It had been a long, hot day by the time Jake and I arrived at a far north SA town where we were to stay overnight before heading home the following morning.
Unpacked and cleaned-up we did what most blokes in an outback town do after a long, hot day: we headed for one of the town’s two pubs.
In we walked, heading straight to the bar I couldn’t help but notice that all eyes were on us.
“I wonder why everyone’s looking at us,” I whispered to Jake.
“Think about it,” he replied. “You’re a white fella walking in with a black fella.”
Jake, as you’ve guessed, is Aboriginal.
Our cool reception nonetheless disturbed me. Jake was a talented footballer and cricketer who back home was held in high esteem. Jake couldn’t walk down the street without people wanting to chat to him about last week’s game. This was the exact opposite.
Back to the story…
After a drink and a meal, we headed off to the other pub in town – a new place – where we’d planned to catch up with workmates who were also passing through.
And what a much nicer place it was… until we left to head back to our motel.
Walking through the reception area we saw a young Aboriginal girl being abused by three drunk, young white blokes. Their language and insults were disgusting.
”You’re nothing but a half-caste bitch.”
”You’re probably a slut.”
”People like you are better dead.”
And on it went. It was vile.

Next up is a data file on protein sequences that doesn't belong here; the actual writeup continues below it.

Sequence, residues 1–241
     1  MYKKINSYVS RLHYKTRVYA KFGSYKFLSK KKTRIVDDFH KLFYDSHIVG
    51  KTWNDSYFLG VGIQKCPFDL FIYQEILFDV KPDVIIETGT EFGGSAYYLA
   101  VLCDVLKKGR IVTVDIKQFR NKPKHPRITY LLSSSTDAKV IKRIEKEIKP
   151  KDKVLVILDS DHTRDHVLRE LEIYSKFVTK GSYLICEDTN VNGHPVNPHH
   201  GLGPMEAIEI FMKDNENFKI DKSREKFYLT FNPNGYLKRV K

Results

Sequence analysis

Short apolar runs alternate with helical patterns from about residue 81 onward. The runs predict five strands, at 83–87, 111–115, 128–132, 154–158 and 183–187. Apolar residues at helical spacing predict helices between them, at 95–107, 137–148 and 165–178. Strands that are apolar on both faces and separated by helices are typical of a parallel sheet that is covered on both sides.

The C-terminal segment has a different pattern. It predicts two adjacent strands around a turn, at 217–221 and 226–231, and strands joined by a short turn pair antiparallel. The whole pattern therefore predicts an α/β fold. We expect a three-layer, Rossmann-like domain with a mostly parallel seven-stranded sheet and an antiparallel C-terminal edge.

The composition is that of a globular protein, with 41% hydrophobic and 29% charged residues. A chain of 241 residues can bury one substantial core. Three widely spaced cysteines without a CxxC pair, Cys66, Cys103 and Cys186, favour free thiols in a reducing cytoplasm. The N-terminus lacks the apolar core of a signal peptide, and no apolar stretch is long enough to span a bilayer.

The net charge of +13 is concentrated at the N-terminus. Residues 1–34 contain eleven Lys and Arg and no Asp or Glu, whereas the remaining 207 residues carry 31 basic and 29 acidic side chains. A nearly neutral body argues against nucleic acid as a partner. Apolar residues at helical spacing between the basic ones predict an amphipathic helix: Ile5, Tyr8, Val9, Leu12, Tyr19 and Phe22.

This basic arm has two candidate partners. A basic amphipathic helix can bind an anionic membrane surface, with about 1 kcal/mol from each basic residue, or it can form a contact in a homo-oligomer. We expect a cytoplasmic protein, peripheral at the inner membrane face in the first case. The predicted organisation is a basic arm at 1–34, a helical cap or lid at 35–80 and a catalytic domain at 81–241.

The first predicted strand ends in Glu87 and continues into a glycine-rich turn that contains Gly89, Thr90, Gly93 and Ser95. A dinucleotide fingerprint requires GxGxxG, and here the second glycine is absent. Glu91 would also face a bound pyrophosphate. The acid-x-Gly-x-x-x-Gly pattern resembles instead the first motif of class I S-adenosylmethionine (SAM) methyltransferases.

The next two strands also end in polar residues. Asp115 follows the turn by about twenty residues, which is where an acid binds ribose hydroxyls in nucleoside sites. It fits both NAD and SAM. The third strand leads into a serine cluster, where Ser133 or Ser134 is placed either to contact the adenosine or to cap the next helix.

The girl, as you would imagine, was distressed and in tears.
Then one of the blokes saw Jake watching the proceedings, walked over, stood in his face, and shouted, “What the fuck are you staring at, ya boong?”
I squeezed in between them, stared at the other bloke, and came out with something passive, “Hey, lay off him. How about we get out of here and go our seperate ways?”
And off we all went. Jake and I headed to our motel while I assume the aggressors went to the other pub to continue with more mayhem.
At 2am I was awoken by a knock on my door. It was Jake. He was crying.
”What the hell’s the matter?” I asked.
His answer floored me: “I’ve never had a white fella stick up for me before.”
(Damn near brought a tear to my eye, too.)
To me, it was just an incident. To Jake it was something stronger. My one small action seemed to help to right a lifetime of wrongs.
So I’m voting Yes for Jake. And the tens of thousands like him.
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